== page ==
A Song With Power: Ukraine’s Eurovision Entry Unites Nation

By The Associated Press
The Associated Press
The Associated Press
May 9, 2022 Updated: May 9, 2022

TURIN, Italy—Ukrainian band Kalush Orchestra’s upbeat, melodic entry for this month’s Eurovision Song Contest was written as a tribute to the frontman’s mother.

Since the Russian invasion of Ukraine, it has become an anthem to the war-ravaged motherland.

“Stefania” is the most-watched song on YouTube among the 35 national entries that are slated to compete when the Eurovision contest takes place this week in Turin, an industrial city in northern Italy.

While some oddsmakers and data analysts have predicted other contestants will win, the song by Kalush Orchestra is quickly becoming a sentimental favorite.

Oleh Psiuk
Oleh Psiuk, frontman of Ukraine’s Kalush Orchestra, waits before an interview in Turin, Italy, on May 5, 2022. (Antonio Calanni/AP Photo)

“I’ll always find my way home, even if all roads are destroyed,’’ Kalush Orchestra frontman Oleh Psiuk wrote in the lyrics for “Stefania.”

His words have become more poignant as missiles pound Ukrainian cities and villages, forcing over 11 million to flee since Russia invaded the country.

“Indeed, some stuff in here was written long before the war, and it was dedicated to my mother,’’ Psiuk told The Associated Press at his hotel in Turin.

“After it all started with the war and the hostilities, it took on additional meaning, and many people started seeing it as their mother, Ukraine, in the meaning of the country. It has become really close to the hearts of so many people in Ukraine,” said the songwriter, who wore a bright bucket hat that would make him instantly recognizable to anyone who has streamed “Stefania.”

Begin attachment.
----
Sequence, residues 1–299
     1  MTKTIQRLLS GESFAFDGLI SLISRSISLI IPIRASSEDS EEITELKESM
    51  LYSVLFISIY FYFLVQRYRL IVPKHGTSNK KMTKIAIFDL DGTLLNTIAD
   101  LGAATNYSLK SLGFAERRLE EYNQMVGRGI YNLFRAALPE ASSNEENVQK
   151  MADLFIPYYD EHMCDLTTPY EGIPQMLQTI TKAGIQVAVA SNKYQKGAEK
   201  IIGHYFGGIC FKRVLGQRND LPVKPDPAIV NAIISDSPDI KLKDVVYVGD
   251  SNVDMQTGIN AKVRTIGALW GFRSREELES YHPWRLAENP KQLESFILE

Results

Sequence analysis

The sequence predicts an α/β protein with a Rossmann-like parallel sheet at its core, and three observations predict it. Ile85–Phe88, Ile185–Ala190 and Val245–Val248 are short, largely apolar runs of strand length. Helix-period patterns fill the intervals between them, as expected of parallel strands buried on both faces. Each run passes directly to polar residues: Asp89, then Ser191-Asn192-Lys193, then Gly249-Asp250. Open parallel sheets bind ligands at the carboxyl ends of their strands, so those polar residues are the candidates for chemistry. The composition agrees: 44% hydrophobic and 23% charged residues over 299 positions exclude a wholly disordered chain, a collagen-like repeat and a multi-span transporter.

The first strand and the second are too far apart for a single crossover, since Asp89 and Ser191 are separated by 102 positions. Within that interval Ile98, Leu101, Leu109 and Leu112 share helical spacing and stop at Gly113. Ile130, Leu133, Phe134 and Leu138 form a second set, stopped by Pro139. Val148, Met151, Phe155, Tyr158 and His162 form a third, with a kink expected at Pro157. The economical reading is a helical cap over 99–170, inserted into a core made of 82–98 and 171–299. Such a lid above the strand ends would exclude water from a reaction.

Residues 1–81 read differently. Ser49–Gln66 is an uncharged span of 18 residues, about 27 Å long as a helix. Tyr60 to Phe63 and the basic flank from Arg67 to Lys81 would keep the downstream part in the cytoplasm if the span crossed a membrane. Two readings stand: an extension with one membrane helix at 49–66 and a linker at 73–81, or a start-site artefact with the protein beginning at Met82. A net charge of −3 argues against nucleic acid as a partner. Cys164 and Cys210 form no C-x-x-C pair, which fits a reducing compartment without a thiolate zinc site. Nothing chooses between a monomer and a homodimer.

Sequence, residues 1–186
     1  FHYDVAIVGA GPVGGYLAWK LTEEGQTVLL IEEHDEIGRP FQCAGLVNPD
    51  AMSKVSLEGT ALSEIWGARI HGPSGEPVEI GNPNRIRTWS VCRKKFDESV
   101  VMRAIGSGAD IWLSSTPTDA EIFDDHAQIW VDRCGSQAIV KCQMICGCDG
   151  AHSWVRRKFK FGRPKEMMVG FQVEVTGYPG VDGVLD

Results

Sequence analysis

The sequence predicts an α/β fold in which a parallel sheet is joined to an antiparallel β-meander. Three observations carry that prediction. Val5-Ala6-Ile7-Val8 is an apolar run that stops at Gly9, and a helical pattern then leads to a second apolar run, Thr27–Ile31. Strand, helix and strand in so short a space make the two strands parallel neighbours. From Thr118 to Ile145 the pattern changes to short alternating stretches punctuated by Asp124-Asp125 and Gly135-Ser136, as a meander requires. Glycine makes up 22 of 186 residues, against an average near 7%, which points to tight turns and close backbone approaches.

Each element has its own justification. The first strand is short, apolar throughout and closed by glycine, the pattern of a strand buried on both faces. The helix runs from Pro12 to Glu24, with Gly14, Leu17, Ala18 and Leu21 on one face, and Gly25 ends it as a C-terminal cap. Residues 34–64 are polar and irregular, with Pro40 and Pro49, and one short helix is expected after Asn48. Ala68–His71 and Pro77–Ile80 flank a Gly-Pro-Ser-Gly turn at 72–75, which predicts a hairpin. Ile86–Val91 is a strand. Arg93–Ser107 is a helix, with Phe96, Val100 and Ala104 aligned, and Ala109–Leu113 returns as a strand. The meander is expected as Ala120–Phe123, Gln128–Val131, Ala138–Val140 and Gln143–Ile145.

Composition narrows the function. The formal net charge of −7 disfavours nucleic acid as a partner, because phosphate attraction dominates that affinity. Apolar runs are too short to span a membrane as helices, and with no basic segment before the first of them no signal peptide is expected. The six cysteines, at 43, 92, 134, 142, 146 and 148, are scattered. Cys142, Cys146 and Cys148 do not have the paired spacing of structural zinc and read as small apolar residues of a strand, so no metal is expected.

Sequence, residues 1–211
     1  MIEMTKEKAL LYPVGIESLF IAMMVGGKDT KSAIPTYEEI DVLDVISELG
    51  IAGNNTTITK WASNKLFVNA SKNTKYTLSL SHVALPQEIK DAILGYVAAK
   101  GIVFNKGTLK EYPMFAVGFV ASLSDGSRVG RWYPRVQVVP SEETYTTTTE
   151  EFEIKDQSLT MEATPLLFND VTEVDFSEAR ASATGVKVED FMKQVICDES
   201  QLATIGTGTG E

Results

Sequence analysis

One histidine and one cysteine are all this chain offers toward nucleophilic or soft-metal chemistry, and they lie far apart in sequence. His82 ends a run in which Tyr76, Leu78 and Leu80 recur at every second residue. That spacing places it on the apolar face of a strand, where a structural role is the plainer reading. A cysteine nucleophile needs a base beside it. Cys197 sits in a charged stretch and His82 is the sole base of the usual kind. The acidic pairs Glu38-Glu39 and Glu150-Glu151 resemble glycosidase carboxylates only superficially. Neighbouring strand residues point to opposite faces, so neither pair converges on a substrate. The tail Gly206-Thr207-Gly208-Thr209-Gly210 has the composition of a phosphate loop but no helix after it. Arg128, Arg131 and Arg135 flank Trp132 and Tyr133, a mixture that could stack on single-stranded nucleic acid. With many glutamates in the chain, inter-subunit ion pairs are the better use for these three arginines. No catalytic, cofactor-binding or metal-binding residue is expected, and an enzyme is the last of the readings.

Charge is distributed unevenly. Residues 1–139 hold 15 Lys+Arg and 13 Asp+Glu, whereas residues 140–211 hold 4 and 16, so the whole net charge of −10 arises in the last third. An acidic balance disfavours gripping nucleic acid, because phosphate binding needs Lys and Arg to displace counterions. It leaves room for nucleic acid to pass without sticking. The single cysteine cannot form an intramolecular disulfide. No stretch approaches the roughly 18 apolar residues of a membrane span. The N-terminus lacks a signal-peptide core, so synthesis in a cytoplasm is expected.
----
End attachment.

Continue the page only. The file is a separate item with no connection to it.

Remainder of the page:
“Stefania” incorporates old Ukrainian melodies and unique musical pitches from a primitive, difficult-to-play woodwind called a telenka, played by lead singer Tymofii Muzychuk.

“We ourselves show that Ukrainian culture and Ukrainian ethnic code exists,’’ Psuik said. “Our purpose is to make Ukrainian music popular, not only in Ukraine but all over Europe. And Eurovision is the best platform for that.”

Oleh Psiuk, frontman of Ukraine's Kalush Orchestra
Oleh Psiuk, frontman of Ukraine’s Kalush Orchestra, after an interview with The Associated Press in Turin, on May 5, 2022. (Antonio Calanni/AP Photo)

Psiuk and five bandmates, all men between the ages of 21 to 35, received special permission from Ukrainian authorities to travel to Turin to participate in Eurovision, traveling by land to Poland and then flying to Italy. One original band member stayed behind to fight.

Psiuk, 27, left behind a network of volunteers he organized two days into the war to help mete out logistical help to people across Ukraine seeking shelter or transport.

All will return to Ukraine when the song contest finishes.

“We feel a big responsibility,’’ Psiuk said. “It’s very important for us to be as useful to the country as possible. We want to represent our country decently.”

After Russia’s Feb. 24 invasion of Ukraine, Russia’s entry to the Eurovision was kicked out of the contest in a move organizers said aimed to keep politics out of the hugely popular event, which was viewed last year by 183 million people.

Ukraine first joined the Eurovision Song Contest 19 years ago. It has won twice since, both times with songs performed primarily in Ukrainian: by Ruslana in 2004 and Jamala in 2016.

Psuik attributes Ukraine’s success to “the peculiar character that our music has.”

“I really hope that after we perform it at the Eurovision Song Contest, Ukrainian music will be even more popular and heard,’’ Psiuk said.